The financial services sector as a whole was broadly, openly and vociferously in the remain camp during the Brexit referendum campaign. Now that the referendum is over, the financial services sector has been very clear about the view that it would prefer a feather-soft Brexit, whatever that takes in terms of negotiation, compromise and financial cost. The issue of clearing and settling Euro transactions was identified some time ago and is still very much on the table, now the issue of the oversight of asset management has reared its head.
Closing the borders around Europe
The issue of intra-EU freedom is the foundation on which the EU rests. It means, among other things, that companies are free to have their headquarters in one country and different departments in other countries from which they could sell their goods and services to residents of all EU members states. It also meant that they can move their staff from A to B as business needs (and the employee’s wishes) dictate. In the asset management world, many companies took advantage of the tax-friendly structures found in places such as the ROI and Luxembourg, while basing their staff in London to take advantage to the huge talent pool found in that city. At current time, this situation would still be permissible under Brexit since the delegation rules allow for delegates to be outside the EU – but rules can be changed.
Esma and the attractions of Paris
Esma is the European security regulator and one of its employees is Sophie Vuarlot-Dignac who joined the organization from the French prudential authority and is now Head of Legal, Convergence and Enforcement. It was in her role as “convergence” head, that she oversaw the publication of an opinion paper, which essential argued that allowing asset management companies to continue to delegate operations outside of the EU was an operational risk and that national regulators should scrutinize delegation activities to ensure that such risk is justified. Taken at face value, this comment does make a fair point. “Out of sight” can be “out of mind” and this can lead to undesirable behaviour on the part of employees. Having said that, in this digitally-connected age, ensuring employees act in an appropriate manner is arguably a matter of good attitude and good policies more than it is one of geography and that being so, it is somewhat difficult to avoid the temptation to connect this suggestion with the fact that Paris is quite openly courting London-based companies.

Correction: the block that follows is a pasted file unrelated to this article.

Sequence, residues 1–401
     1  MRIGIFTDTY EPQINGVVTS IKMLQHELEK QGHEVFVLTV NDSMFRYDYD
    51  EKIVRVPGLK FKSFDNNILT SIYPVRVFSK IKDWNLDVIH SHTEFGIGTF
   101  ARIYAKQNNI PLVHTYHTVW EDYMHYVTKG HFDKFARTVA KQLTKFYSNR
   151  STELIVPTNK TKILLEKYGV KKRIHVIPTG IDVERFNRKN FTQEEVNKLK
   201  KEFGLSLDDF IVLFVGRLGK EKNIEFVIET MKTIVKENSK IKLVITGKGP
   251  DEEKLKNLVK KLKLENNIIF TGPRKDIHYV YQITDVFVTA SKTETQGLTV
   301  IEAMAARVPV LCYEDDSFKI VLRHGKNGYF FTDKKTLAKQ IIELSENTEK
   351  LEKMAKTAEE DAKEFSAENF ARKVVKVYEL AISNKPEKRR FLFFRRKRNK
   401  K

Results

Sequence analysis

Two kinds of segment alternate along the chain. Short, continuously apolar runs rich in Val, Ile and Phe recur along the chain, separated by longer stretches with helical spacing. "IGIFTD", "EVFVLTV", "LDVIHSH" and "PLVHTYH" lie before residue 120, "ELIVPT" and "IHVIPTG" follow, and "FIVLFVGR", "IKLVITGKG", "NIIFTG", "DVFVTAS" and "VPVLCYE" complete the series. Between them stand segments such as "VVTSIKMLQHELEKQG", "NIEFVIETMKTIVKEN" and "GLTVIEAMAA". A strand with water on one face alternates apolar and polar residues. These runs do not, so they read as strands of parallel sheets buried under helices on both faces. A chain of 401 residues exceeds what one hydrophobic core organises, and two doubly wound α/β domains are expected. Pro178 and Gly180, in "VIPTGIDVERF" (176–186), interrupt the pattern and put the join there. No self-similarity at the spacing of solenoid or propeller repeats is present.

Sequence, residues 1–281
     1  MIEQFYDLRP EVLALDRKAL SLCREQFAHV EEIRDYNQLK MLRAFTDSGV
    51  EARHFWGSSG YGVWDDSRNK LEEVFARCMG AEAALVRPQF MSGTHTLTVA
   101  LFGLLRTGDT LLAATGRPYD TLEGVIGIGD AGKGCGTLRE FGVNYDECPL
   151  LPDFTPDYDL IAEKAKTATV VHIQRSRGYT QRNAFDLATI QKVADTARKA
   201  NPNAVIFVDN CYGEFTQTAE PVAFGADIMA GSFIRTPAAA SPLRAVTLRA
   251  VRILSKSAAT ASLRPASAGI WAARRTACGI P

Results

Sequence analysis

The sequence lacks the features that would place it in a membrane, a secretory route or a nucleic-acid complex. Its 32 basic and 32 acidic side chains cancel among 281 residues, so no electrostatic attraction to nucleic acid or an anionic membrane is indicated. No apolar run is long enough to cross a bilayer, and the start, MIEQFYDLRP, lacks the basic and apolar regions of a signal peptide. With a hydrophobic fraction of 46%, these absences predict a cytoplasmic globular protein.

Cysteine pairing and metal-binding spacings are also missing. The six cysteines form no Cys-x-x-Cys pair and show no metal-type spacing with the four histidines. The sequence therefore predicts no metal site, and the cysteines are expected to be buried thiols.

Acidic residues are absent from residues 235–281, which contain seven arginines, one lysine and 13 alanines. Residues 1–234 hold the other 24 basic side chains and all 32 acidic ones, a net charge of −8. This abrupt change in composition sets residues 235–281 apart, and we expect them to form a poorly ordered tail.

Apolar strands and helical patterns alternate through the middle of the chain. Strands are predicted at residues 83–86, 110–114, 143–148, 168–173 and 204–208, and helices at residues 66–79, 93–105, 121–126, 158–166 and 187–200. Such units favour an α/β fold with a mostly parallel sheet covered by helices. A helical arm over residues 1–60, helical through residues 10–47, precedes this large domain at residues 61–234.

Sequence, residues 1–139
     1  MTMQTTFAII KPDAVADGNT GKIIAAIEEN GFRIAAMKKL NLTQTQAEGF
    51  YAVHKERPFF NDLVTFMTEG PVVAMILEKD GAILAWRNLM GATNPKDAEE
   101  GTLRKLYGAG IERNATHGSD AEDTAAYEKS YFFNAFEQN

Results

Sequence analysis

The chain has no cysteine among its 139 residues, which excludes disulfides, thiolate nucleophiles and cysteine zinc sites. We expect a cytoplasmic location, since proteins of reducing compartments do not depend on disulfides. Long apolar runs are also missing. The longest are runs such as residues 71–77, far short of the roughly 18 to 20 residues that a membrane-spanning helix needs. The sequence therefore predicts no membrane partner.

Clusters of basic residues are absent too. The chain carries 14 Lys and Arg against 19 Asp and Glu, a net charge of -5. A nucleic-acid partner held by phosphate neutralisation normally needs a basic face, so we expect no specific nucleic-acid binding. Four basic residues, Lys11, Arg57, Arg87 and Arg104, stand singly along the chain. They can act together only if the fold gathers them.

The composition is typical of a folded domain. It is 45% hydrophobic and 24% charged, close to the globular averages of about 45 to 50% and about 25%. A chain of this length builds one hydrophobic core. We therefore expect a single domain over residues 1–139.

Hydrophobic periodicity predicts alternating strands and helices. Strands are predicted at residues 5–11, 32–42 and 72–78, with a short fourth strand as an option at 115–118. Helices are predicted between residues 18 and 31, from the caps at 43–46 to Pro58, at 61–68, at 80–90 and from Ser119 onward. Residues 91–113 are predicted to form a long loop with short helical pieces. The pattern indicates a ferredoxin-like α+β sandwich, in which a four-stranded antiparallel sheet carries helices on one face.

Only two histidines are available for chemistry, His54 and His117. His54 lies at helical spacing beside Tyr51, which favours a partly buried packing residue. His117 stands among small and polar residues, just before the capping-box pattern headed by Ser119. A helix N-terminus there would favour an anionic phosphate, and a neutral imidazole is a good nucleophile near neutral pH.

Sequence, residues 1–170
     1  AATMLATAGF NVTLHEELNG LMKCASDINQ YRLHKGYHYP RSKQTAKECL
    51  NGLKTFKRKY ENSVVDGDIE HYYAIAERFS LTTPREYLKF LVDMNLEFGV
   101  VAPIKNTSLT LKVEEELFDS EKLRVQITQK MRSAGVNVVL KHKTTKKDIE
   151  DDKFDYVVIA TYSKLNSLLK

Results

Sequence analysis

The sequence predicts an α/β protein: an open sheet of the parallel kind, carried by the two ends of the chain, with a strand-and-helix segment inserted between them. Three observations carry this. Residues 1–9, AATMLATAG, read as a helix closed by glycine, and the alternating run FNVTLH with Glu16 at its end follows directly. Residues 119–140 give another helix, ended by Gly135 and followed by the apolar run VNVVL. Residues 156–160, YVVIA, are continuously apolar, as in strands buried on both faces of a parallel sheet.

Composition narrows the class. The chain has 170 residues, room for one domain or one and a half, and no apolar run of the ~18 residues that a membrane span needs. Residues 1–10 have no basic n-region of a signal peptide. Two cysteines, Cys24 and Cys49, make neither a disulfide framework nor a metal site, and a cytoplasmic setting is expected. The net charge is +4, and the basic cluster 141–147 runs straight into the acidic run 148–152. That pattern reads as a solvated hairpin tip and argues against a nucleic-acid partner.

The practical implications
While London-based asset managers may feel uncomfortable at Esma’s position, it’s important to realise that there is a very big gap between this rather vague suggestion and a ban (or even curtailment) of the practice of delegation. To begin with, if any changes were to be made, they would have to go through the three-way process of the European Commission, the European Council and the European Parliament and it is far from certain that the changes would get the support they need to become law. The fact of the matter is that the ROI and Luxembourg have both done very well out of the current delegation rules and while they (and other EU states) would, in theory, be quite happy to see more of their citizens employed at the UK’s expense, they must also be aware that asset management, by definition, is an area of financial services which caters to high-net-worth individuals who might well be quite happy to put their money in funds managed from the UK if they thought it was worth their while, for example, if the UK followed the example of Singapore and created a very favourable tax regime. In such a case, companies might opt to relocate their bases from the EU to the UK and that would be a painful loss of tax revenue for some countries.